Creating digital labels is also important for rooting out counterfeits, which goes hand in hand with sustainability, according to Rossella Munafò, head of sales and marketing for Certilogo, an Italian company that helps brands like Versace and Moschino with product authentication.
“In our opinion, anyone who claims they sell sustainable products should be able to prove their product is authentic,” Munafò says. “Otherwise, the message loses all meaning. … Authenticity is a hygiene factor for sustainability.”
It’s not enough, she adds, to simply slap a serial number, QR code or NFC on a product. “You need to have a system in place that’s capable of recognizing that label and, most of all, distinguishing that label from cloned labels,” Munafò adds. If the code just takes a user to a URL, that’s simple enough for someone to copy and put on a fake product, she says. Instead, the codes on the physical product need to be backed up by a secure digital system ensuring they’re the real deal.
The other power of QR codes and NFC is how brands can use them to glean user data from a physical product. That was the idea behind a pitch Imprint Genius (asi/230604) came up with for Democratic Sen. Elizabeth Warren when she was a candidate in the last presidential primaries. The distributor proposed making her whole slate of promotional products carbon-neutral. Each item would also have a QR code printed on it, either discreetly on a T-shirt hangtag or large on a yard sign. People who scanned the codes would be taken to a website showing how many trees were planted for each product made, with a map of where each tree was located.
“From a data standpoint, it was really cool,” says Isaac Hetzroni, CEO of Imprint Genius. “You could see how many people were scanning the different signs. You could have each individual QR code associated with a geolocation, and in theory, if you had enough scans you could extrapolate the data out and figure out what areas were the best place to put signs and which cities cared the most about it.”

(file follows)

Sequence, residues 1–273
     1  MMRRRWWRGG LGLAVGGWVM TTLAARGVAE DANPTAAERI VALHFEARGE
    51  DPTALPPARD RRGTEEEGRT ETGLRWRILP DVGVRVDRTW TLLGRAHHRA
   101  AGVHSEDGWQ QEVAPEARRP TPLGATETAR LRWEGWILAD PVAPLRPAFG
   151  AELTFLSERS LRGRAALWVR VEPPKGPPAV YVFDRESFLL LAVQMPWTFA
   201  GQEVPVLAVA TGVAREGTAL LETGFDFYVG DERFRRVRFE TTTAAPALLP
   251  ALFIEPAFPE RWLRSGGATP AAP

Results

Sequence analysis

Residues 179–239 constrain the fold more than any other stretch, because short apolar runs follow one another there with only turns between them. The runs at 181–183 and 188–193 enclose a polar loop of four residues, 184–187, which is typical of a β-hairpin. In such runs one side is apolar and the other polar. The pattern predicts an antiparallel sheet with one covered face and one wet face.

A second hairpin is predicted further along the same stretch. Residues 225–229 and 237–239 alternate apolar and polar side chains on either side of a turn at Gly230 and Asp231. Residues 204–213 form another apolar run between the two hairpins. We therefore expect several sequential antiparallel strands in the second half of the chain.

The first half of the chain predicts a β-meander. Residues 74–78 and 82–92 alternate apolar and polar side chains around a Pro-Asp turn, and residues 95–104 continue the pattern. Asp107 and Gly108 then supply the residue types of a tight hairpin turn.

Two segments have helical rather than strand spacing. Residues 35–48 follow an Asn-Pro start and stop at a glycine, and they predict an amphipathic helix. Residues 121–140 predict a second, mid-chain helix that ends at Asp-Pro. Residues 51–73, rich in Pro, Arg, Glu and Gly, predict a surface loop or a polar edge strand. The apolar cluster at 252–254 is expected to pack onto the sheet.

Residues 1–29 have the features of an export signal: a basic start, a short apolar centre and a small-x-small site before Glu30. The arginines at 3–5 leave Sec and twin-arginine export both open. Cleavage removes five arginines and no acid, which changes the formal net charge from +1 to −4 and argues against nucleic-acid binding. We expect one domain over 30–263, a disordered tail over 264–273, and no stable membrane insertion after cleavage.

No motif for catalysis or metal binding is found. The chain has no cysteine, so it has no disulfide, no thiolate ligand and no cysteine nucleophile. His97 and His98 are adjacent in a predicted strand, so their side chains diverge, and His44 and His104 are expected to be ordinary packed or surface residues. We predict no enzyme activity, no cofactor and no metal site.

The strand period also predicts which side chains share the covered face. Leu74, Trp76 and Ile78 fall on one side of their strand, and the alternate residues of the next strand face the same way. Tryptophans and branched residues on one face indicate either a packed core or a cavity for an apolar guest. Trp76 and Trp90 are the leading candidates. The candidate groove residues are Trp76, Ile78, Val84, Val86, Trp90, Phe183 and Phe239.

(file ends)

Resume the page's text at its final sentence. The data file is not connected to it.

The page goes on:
The proposal for the Warren campaign never went anywhere, but Hetzroni believes the concept still has a lot of merit.
“Why not have a QR code on all your hangtags to learn about the sustainability aspects?” he asks. “If someone hands you a T-shirt at a conference … and you can scan it and learn about the journey, the thread and the carbon-offset cost, it just adds another level of connection between the brand and consumers.”
Still, Hetzroni and other promo distributors aren’t convinced that connected products used specifically for transparency and supply chain tracking will become widespread in the industry. For small mom-and-pop distributors, the technology is likely too complex to implement right now, Hetzroni says.
Plus, there are already so many layers between distributors and end-users, says Mitch Silver, vice president of marketing and sales at Printable Promotions (asi/299458). “We’re so far removed from the actual end-user that I don’t think me putting in a trackable code for something I’m selling for my customer would connect with the customer who’s getting it as a gift,” he says.
There are exceptions, of course. Top 40 supplier Gemline (asi/56070) offers products from premium retail drinkware brand MiiR, which reserves 3% of its revenue to giving projects. Each MiiR product comes with a “Give Code” on the bottom, which recipients can register online to follow along and receive project updates and information related to advocacy, volunteer opportunities and more. MiiR has donated more than $2 million to 72 projects, including clean water initiatives, according to its website.
Atlantis Headwear is a sustainable hat company based in Italy, offered exclusively in North America through Counselor Top 40 supplier Sportsman Cap & Bag (asi/88877). Atlantis began adding QR code labels linked to its traceability system three years ago to share its sustainability strategy, according to Federico Pasini, brand and sales director. “We believe transparency builds trust,” he adds.
Scanning the QR code on an Atlantis cap’s internal label opens access to the product passport with information about production area, ports of departure and arrival, quality control, shipping, as well as technical specification. Some Atlantis caps also embed an NFC tag in the bill, which when tapped outlines the sustainability journey of the product, including the added value of using recycled polyester fibers or organic cotton, according to Pasini. In addition to recycled polyester and organic cotton, the headwear brand has introduced products that use recycled cotton, recycled plastic and recycled woven and embroidery threads into the promo industry.
Whether such products will gain a larger foothold in promo remains to be seen, though certainly the widespread shortages and supply chain issues the pandemic catalyzed have made sourcing transparency and domestic manufacturing a hot-button topic. Just-released data from Counselor’s State of the Industry report shows that despite a spike in interest in U.S.-made items early on in the pandemic, ESP searches for such products have been on the decline, returning to 2019 levels. Still, according to ASI Research findings, 46% of consumers have a more favorable opinion of an advertiser that gives them an environmentally friendly product; the figure is even higher (53%) for consumers 55 and over. For the audience demanding increasingly sustainable solutions, a connected neck label that tracks an item’s life cycle could be an important value-add and unique selling point.